ISAACSON: Man, you've had an incredibly productive pandemic year. You got two new albums out. One of them a pay on to Frank Sinatra. You've written

your 10th book. You've done concerts. What was it like? What drove you to be so busy during the year when every one of us were locked down?

NELSON: Well, of course, I -- wasn't much else to do except write. And I could -- fortunately, I could still do that. But it has been a trying

experience for everybody,

ISAACSON: Well, like everybody in America, I love the song "On the Road Again."


ISAACSON: In fact, all of us have been singing it to ourselves all day today, knowing we're going to talking to you. What's it feels like to you,

the prospect of getting on the road again?

NELSON: Well, it's been over a year, and the last show we played was down at the Houston Fat Stock Show in March, a long time ago, a year or so ago.

We had a great crowd, like 80,000 people. And then nothing, from then until now. You know, it has been hard. But on the other hand, I know that

millions of other people out there are having it a lot rougher than I was.

ISAACSON: You recorded a version of "I'll be Seeing You" as a public service announcement, trying to convince people to get the COVID vaccine.


ISAACSON: What do you say to all of your friends and fans who are skeptical about that vaccine or hesitant?

NELSON: Well, I'm sorry they feel that way. Everyone is entitled to their own opinions and beliefs. I have mine and I don't mind telling them that,

you know, I'm double vaccinated. I'd feel better if you were, you know.


UNIDENTIFIED MALE: Thank you all very much. And welcome to Farm Aid, the concert for America.


ISAACSON: Back in 1985, you started Farm Aid with Neil Young and John Mellencamp. You did a virtual Farm Aid concert this past year. Tell me how

has the pandemic effected farmers?

NELSON: Well, it's affected them in a horrible way. First, their crops are rotten in the fields. They're having a hard time. The big corporate farmers

are doing a little better because they got big money behind them and they can afford to miss a year. But I know farmers out there who miss one year

and they go bankrupt and are out of business.

ISAACSON: In your new book, "Letters to America." It's a whole bunch of letters, to America, to yourself, what is your message there? What are you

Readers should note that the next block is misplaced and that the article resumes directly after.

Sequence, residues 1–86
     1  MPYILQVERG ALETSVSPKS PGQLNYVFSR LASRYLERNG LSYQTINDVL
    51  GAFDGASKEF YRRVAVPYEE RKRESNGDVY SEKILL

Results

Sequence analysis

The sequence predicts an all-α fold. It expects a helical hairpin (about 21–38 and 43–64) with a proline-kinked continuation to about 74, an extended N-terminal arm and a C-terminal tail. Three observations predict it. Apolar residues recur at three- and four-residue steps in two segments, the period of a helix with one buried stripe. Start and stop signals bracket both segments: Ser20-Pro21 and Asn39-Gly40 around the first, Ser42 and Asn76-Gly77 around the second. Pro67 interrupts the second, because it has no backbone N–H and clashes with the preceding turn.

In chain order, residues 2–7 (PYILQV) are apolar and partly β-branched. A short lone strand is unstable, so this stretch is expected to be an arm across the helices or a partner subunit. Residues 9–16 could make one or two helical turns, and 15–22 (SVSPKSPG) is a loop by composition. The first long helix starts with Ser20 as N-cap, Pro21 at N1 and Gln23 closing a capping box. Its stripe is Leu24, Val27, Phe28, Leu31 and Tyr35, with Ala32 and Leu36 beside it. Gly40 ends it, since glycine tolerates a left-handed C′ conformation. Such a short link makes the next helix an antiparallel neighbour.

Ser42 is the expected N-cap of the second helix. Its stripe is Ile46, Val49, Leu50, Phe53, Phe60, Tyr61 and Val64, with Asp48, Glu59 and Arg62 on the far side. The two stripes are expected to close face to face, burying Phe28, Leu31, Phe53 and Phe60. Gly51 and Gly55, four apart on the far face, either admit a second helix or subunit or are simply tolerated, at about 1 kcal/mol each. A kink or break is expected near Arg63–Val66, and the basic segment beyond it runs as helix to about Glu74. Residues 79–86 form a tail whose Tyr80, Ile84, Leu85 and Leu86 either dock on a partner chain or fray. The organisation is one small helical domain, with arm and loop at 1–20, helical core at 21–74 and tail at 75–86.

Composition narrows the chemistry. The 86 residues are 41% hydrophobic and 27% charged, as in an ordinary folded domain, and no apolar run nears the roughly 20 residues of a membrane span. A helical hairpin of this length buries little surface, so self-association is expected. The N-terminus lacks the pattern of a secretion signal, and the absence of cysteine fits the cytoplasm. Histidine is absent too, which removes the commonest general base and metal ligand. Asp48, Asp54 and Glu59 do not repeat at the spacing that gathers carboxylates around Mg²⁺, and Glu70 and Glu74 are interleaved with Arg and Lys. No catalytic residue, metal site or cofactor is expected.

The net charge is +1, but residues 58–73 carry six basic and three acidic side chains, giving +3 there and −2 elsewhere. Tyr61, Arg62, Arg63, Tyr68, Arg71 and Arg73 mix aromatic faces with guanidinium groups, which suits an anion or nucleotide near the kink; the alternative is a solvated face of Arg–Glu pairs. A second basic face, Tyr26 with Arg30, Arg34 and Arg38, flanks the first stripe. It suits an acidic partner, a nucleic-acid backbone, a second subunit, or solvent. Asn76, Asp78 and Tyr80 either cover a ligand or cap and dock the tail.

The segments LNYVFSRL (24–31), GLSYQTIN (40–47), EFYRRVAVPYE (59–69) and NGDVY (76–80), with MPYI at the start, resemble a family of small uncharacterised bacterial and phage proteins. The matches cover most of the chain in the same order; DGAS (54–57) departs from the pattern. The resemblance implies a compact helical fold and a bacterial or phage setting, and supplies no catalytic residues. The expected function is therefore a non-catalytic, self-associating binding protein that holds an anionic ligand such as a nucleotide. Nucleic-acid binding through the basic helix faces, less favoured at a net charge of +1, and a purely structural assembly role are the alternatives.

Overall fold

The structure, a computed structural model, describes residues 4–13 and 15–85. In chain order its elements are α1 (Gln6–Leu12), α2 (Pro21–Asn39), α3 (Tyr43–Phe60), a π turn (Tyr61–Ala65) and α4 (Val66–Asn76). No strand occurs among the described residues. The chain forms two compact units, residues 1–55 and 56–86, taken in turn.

feeling about America now? What are you trying to say?

NELSON: Well, I just I think I am trying to let people know that there is hope, there is -- you know, we're still here. We woke up again. We've got

responsibility to move on and do what we can to make this a better day. If everyone feels that way, we'll get through this.

ISAACSON: But it has been a really dark period. And your book, in a way, tries to give us a bit of optimism, but also give us some lessons. Tell me

about the lessons.

NELSON: Well, it will be hard for me to give advice to people because I made every mistake you can make. So, Ray Price used to tell me, just to

follow me around. And whatever I do, do the opposite. So -- and that's kind of the way I feel. You watch me, and if I do it, it might not be right.


I wrote a song called "Energy Follows Thought." It starts out, imagine what you want and then get out of the way, because energy follows thought. So,

be careful what you say, I think that's not a very bad advice.

ISAACSON: Your book weaves together not only your words but it goes back and looks at all your songs. It weaves together the music. Has this year of

the pandemic effected the way you look back at some of your music? Has it changed your perspective on it?

NELSON: No, I don't think so at all. I think people still need it. They still need to hear a song that somebody will sing to them and they can

travel in some way, pay some money and hear somebody else sing to them because they need that right now. They need that music. They need that

energy exchange that happens between an audience and an entertainer. And they have been denied that over a year. So, it's time they got back to

that. I think everybody is ready.

ISAACSON: Tell me what it was like growing up in the tiny town of Abbott, Texas.

NELSON: Well, it was great. One good thing about it, if you came out for a sport, you would make the team because they wouldn't have many people

competing, you know. You know, I've played football, baseball, basketball, ran track, (INAUDIBLE). I did all those things. And I was a little short

guy, tried to make it. But to an Abbott, you can do that.

ISAACSON: Tell me about the influence that your grandmother had on your life, a deeply religious person.

NELSON: One of the things my grandmother said that I've always remembered about music is music is anything that's pleasing to the ear. I believe that

100 percent. She also taught me about -- she played piano pretty good. And she taught Little Sister Bobby how to play some piano. And I learned a lot

by sitting on the piano stool next to her. Listening to what she was singing and playing.

ISAACSON: And she and your grandfather raised you. Tell me about what you learned from your grandfather.

NELSON: My grandfather was a great guy. He was a blacksmith. And he had a blacksmith shop there in Abbott. Every day, I would go over there and I'd

help him shoe horses. And he got kicked in the stomach one time by a horse and he had to wear a belt, you know, for the rest of his life, really. And

-- but I enjoyed being there, helping him shoe the horses, it was a lot of fun. Yes, I learned a lot, you know, just by being around him.

He was a great musician and singer. He taught singing voice. We had singing conventions there in Hillsboro every Thursday night or whatever, and all

the great gospel singers from around would come in and they would sing for a couple hours. And it was really great music. He gave me an old guitar, at

one time, a Sears and Roebuck guitar. (INAUDIBLE). And that was my first guitar.

ISAACSON: And tell me what you did when your grandfather gave you that first guitar?